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Morawicki speaks on sustainability, food waste at international event

By Robby Edwards

Bumpers College 

Fast Facts:

  • Morawicki presented keynote at international meeting in Japan
  • Topics covered food sustainability and waste

(360 words)

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FAYETTEVILLE, Ark. — Ruben Morawicki, an associate professor of food science with the University of Arkansas System Division of Agriculture and U of A’s Dale Bumpers College of Agricultural, Food and Life Sciences, recently presented speeches on food sustainability and food waste in Japan.v

Ruben Morawicki (U of A System Division of Agriculture photo).

Morawicki was participating in the International Food Ingredients and Additives Exhibition and Conference/Health Food Exposition Conference and he was the keynote speaker at the celebration of the 60th anniversary of the Japan Chapter of the Institute of Food Technologists.

Morawicki’s presentations were “Efforts of Food Sustainability in the United States” and “Food Waste in America.”

In his first presentation, Morawicki talked about how the primary issue in food production sustainability a decade ago was efficiency improvement, especially in processing. Now, the primary focus is renewable energy.

“Since the price of wind and solar technologies is coming down significantly year after year, buying or producing your own renewable energy is becoming more and more feasible,” Morawicki said. “Using renewable energy is one of the best ways to cut greenhouse gas emissions. Cutting GHG emissions is very important because most big players in the food industry are on board with the 2015 Paris Climate agreement.”

His second presentation revealed that an estimated 30 to 40 percent of food produced in the U.S. goes to waste, with half of that coming from the residential sector.

“Food waste uses valuable resources to produce the food, including water, energy and fertilizers with the emission of greenhouse gases,” Morawicki said. “More resources are needed to dispose of ‘food waste,’ including landfill space, fuel and more emission of greenhouse gases.”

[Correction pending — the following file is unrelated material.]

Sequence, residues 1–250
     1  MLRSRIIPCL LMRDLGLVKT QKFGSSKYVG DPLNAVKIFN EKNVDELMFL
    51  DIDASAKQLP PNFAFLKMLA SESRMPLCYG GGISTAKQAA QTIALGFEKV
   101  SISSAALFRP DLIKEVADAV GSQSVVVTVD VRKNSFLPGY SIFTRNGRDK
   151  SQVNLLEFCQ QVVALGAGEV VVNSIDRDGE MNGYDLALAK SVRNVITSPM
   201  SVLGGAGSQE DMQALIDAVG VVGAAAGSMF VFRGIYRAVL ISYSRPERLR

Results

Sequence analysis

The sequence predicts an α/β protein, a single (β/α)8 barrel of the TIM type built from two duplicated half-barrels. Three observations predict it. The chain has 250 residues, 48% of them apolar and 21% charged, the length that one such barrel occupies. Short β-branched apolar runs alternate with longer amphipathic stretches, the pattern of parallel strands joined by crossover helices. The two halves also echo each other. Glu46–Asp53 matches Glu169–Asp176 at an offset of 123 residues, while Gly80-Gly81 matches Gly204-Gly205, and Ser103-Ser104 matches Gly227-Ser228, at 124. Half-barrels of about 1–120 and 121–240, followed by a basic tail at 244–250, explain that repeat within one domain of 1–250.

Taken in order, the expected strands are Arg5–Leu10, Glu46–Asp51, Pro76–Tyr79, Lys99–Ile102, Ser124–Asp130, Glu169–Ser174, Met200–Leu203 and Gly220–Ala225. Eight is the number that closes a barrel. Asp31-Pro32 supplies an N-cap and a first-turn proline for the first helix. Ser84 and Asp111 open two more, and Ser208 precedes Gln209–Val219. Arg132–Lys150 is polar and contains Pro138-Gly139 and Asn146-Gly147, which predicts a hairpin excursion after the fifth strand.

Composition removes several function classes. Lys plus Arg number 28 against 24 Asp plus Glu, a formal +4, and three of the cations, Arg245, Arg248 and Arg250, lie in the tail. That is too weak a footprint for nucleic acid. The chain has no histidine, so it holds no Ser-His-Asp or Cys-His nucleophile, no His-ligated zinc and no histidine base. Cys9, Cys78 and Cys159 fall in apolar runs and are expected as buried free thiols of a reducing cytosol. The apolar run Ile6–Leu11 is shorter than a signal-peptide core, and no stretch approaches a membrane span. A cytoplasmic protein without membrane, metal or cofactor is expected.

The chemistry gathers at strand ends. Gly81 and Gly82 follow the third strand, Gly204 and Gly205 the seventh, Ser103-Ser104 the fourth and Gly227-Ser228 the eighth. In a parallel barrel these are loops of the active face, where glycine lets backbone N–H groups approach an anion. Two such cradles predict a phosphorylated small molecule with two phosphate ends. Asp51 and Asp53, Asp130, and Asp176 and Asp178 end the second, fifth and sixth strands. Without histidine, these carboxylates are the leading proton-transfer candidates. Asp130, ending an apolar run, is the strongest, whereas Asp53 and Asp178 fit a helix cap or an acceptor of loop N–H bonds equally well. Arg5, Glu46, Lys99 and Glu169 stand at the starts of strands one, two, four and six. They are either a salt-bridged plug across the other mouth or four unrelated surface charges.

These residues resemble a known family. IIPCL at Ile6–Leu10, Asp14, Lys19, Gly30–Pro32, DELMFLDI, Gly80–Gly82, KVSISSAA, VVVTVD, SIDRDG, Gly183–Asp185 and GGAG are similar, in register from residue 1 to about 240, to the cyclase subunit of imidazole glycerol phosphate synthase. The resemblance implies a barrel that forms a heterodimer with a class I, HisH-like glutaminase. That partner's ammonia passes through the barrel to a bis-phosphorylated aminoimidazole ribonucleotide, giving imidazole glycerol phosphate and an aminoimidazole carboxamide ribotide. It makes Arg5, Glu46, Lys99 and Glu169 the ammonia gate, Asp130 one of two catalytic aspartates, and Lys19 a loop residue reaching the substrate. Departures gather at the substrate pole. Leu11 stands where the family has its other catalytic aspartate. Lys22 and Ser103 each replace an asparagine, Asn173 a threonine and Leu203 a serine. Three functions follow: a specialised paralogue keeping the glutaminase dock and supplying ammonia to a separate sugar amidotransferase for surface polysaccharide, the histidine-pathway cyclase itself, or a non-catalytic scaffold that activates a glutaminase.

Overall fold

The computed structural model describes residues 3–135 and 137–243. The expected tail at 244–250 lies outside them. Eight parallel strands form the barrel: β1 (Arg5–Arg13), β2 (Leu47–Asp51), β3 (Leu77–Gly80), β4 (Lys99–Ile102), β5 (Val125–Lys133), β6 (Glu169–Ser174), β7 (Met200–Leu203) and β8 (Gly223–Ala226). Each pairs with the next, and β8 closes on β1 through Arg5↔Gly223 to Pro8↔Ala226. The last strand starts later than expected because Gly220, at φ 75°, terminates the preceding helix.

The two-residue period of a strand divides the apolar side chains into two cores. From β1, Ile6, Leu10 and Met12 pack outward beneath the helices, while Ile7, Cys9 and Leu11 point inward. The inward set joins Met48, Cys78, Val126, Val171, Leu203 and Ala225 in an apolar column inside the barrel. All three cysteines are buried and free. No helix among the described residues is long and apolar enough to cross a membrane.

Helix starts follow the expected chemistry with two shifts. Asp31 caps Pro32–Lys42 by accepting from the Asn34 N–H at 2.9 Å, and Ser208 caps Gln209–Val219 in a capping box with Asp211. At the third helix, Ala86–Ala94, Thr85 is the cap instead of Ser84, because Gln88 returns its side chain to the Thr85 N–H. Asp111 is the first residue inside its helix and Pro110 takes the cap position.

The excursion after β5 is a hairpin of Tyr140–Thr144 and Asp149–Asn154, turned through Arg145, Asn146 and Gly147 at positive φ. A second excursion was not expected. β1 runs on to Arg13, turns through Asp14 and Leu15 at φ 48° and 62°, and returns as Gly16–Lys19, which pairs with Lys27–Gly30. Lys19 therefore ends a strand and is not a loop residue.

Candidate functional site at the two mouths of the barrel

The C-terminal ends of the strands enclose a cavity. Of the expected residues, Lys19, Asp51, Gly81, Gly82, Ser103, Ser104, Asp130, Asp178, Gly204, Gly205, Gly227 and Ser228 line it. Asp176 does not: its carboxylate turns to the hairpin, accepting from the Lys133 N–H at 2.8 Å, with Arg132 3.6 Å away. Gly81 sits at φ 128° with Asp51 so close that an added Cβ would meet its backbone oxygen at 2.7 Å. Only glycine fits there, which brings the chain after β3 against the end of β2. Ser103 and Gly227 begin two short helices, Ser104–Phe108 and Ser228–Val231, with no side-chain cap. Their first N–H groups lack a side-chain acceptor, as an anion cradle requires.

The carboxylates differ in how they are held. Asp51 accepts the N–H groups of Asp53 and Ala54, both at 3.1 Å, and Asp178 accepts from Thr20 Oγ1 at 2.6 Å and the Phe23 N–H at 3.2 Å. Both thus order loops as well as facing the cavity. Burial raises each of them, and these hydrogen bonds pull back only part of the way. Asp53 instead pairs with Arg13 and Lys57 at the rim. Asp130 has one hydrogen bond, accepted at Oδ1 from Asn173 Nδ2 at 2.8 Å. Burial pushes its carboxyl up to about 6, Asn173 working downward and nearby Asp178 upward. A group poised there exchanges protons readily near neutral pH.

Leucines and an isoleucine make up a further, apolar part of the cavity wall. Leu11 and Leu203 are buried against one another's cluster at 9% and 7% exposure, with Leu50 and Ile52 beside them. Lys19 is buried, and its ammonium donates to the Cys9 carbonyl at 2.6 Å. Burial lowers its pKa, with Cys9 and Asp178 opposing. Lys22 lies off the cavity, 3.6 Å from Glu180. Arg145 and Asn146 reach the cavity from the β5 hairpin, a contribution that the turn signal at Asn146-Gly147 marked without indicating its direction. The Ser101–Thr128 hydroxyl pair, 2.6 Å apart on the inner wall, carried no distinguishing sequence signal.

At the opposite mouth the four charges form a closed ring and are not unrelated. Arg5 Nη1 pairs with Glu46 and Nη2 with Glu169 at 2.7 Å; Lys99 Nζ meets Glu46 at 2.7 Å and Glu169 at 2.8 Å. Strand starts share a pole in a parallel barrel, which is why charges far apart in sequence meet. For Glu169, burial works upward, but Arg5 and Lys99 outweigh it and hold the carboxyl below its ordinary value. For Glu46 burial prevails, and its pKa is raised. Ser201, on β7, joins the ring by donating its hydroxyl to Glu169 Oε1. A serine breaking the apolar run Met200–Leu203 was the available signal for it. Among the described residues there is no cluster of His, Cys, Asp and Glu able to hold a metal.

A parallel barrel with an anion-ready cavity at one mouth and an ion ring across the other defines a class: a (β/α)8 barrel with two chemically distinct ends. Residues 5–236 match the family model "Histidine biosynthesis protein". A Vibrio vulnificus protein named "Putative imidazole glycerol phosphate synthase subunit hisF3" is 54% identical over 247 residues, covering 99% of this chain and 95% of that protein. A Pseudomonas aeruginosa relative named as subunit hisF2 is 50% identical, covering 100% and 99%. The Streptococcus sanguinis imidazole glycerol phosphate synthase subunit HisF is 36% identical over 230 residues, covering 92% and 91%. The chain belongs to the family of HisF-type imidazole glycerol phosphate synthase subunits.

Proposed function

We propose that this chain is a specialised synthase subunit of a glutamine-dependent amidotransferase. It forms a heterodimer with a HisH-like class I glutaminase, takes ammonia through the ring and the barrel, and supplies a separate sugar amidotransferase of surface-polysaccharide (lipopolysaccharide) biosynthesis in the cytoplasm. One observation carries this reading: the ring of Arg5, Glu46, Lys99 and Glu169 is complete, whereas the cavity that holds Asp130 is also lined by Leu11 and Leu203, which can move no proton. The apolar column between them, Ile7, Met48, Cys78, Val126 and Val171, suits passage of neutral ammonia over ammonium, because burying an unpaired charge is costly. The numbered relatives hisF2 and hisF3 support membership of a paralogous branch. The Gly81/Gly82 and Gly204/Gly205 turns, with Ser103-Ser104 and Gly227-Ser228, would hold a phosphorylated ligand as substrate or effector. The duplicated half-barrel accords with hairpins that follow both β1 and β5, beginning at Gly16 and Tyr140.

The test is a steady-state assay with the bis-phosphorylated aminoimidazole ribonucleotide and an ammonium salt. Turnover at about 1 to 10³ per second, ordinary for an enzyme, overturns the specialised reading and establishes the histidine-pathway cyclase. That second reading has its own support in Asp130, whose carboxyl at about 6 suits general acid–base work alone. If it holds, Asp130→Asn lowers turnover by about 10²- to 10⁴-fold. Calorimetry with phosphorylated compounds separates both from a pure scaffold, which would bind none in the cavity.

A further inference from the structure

The event drew food scientists and food technologists from the food industry and the academy. Morawicki was recommended to deliver the keynote address by the Institute of Food Technologists in Chicago.

Morawicki was a senior research scientist at Tyson Foods Inc. before joining the faculty in Bumpers College’s Department of Food Science in 2006.

“We live in a world with limited resources and a changing climate,” Morawicki said. “As the world population continues to increase and natural resources decline, we need to make a better use of these resources and minimize our environmental impact.”

About the Division of Agriculture

The University of Arkansas System Division of Agriculture’s mission is to strengthen agriculture, communities, and families by connecting trusted research to the adoption of best practices. Through the Agricultural Experiment Station and the Cooperative Extension Service, the Division of Agriculture conducts research and extension work within the nation’s historic land grant education system.

The University of Arkansas System Division of Agriculture offers all its Extension and Research programs to all eligible persons without regard to race, color, sex, gender identity, sexual orientation, national origin, religion, age, disability, marital or veteran status, genetic information, or any other legally protected status, and is an Affirmative Action/Equal Opportunity Employer.


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By Mary Hightower
The Cooperative Extension Service
U of A System Division of Agriculture

Media Contact: Mary Hightower
Dir. of Communication Services
U of A Division of Agriculture
Cooperative Extension Service
(501) 671-2126

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